This is a rather somber film, that takes its time—unlike so many animations today—to tell a strong story in a beautiful way. It’s the old, old gag of a girl passing herself off as a boy. This being China, it is to preserve the family honor by serving in the Army, defending against the Huns, who cross the Great Wall in the opening scenes. Mulan is not quite a tomboy, but isn’t very good at the subservient, voiceless demeanor demanded of an eligible bride. She wears her disabled father’s armor and manages to fool everyone for a long time, long enough to learn how to fight, and to be the brains of the outfit, eventually routing all but a small number of the Huns. Then she is discovered, and her captain despises her and she has to prove herself all over again.
It is a very feminist story, showing a strong woman and the sexist odds she is up against. Mulan is quite agile and strong—not quite ridiculously agile like Crouching Tiger, Hidden Dragon, but quick on her feet and able to swing about like Tarzan. I think it’s significant that, though she is not the daughter of a king and therefore not a real princess, she had been included in the line of Disney Princesses anyway because she’s so popular, and I don’t think it’s just with Asian girls. She is really the physically and mentally strongest female main character I can think of in a Disney feature, and girls seem to like that … when they’re not dressing up as wimpy Snow White or Cinderella. (Once again, Disney folks, re-think Esmeralda from The Hunchback of Notre Dame. She could be the daughter of the King of the Gypsies, couldn’t she? You never said she wasn’t, and there is such a person.)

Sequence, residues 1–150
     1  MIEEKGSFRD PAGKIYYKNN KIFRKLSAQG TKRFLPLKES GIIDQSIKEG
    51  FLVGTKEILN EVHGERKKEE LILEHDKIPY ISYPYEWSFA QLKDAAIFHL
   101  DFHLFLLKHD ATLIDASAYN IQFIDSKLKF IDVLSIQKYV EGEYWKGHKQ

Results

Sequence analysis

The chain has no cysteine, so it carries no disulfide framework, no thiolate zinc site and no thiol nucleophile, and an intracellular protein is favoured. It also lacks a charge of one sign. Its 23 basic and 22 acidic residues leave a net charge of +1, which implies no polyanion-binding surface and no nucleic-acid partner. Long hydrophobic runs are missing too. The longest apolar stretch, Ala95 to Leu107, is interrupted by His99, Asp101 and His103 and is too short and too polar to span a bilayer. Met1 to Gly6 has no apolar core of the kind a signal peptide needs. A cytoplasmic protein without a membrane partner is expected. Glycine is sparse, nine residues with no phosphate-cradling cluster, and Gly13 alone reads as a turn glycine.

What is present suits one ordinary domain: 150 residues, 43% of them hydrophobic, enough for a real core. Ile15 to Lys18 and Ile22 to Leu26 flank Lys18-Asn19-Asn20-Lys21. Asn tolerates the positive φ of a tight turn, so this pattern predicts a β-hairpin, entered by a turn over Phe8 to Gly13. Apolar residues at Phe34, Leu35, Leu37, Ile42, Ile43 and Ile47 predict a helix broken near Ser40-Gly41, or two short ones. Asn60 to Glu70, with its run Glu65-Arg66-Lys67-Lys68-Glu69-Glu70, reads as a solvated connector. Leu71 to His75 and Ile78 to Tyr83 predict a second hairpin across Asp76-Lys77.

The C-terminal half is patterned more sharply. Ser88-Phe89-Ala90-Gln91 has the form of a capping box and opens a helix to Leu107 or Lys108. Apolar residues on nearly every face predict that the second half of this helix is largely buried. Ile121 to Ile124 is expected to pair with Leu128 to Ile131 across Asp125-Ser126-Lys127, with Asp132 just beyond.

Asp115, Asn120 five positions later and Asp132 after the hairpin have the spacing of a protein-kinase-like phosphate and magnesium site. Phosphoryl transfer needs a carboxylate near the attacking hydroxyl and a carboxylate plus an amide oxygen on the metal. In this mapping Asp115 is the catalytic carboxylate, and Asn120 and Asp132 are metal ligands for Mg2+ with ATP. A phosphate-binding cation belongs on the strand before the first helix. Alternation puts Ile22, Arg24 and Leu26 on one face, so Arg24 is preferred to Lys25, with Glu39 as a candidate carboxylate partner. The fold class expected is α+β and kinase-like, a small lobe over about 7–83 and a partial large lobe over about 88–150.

The look of the film is captivating, hinting at those classical Chinese paper screens with a few brush strokes of black and red without being slavishly imitative of them. During one point in a musical number the characters actually do transform into moving pictograms and the effect is enchanting. CGI is advancing once more here; there is a scene with thousands of mounted Huns coming over a rise and charging down a snow-covered hill that would be easy today, but was stunning at the time.
The amusing sidekicks here (a cliché that still seems to work almost all the time) is a “lucky” cricket and a very small dragon named Mushu, voiced by Eddie Murphy. He’s not quite in the league of James Woods and Robin Williams, but he’s very good. Many of the other characters, most importantly Ming-Na as Mulan, are voiced by Chinese actors … or Japanese.
Cranks who hated it: I would have expected somebody to object to not having an all-Chinese cast, but I never heard about it.